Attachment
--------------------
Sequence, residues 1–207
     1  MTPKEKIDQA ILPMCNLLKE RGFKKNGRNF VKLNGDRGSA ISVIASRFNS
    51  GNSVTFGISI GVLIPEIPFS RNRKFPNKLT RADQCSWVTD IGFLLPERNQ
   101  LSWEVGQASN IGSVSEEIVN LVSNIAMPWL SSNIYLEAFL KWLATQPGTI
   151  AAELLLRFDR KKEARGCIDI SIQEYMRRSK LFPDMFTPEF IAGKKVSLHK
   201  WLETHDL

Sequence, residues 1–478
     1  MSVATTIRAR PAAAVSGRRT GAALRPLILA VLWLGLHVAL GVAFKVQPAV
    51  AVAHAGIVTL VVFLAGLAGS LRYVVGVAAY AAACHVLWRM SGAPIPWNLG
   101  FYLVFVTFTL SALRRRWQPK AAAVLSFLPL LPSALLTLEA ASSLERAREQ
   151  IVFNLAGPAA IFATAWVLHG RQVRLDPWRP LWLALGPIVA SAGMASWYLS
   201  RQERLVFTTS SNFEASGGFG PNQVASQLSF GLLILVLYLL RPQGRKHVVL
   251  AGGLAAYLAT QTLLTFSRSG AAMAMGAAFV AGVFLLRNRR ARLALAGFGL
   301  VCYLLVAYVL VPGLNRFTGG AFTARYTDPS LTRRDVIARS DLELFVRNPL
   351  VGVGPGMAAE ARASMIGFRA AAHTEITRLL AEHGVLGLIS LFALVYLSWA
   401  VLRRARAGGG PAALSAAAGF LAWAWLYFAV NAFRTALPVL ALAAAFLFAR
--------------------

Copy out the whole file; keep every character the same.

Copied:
Sequence, residues 1–207
     1  MTPKEKIDQA ILPMCNLLKE RGFKKNGRNF VKLNGDRGSA ISVIASRFNS
    51  GNSVTFGISI GVLIPEIPFS RNRKFPNKLT RADQCSWVTD IGFLLPERNQ
   101  LSWEVGQASN IGSVSEEIVN LVSNIAMPWL SSNIYLEAFL KWLATQPGTI
   151  AAELLLRFDR KKEARGCIDI SIQEYMRRSK LFPDMFTPEF IAGKKVSLHK
   201  WLETHDL

Sequence, residues 1–478
     1  MSVATTIRAR PAAAVSGRRT GAALRPLILA VLWLGLHVAL GVAFKVQPAV
    51  AVAHAGIVTL VVFLAGLAGS LRYVVGVAAY AAACHVLWRM SGAPIPWNLG
   101  FYLVFVTFTL SALRRRWQPK AAAVLSFLPL LPSALLTLEA ASSLERAREQ
   151  IVFNLAGPAA IFATAWVLHG RQVRLDPWRP LWLALGPIVA SAGMASWYLS
   201  RQERLVFTTS SNFEASGGFG PNQVASQLSF GLLILVLYLL RPQGRKHVVL
   251  AGGLAAYLAT QTLLTFSRSG AAMAMGAAFV AGVFLLRNRR ARLALAGFGL
   301  VCYLLVAYVL VPGLNRFTGG AFTARYTDPS LTRRDVIARS DLELFVRNPL
   351  VGVGPGMAAE ARASMIGFRA AAHTEITRLL AEHGVLGLIS LFALVYLSWA
   401  VLRRARAGGG PAALSAAAGF LAWAWLYFAV NAFRTALPVL ALAAAFLFAR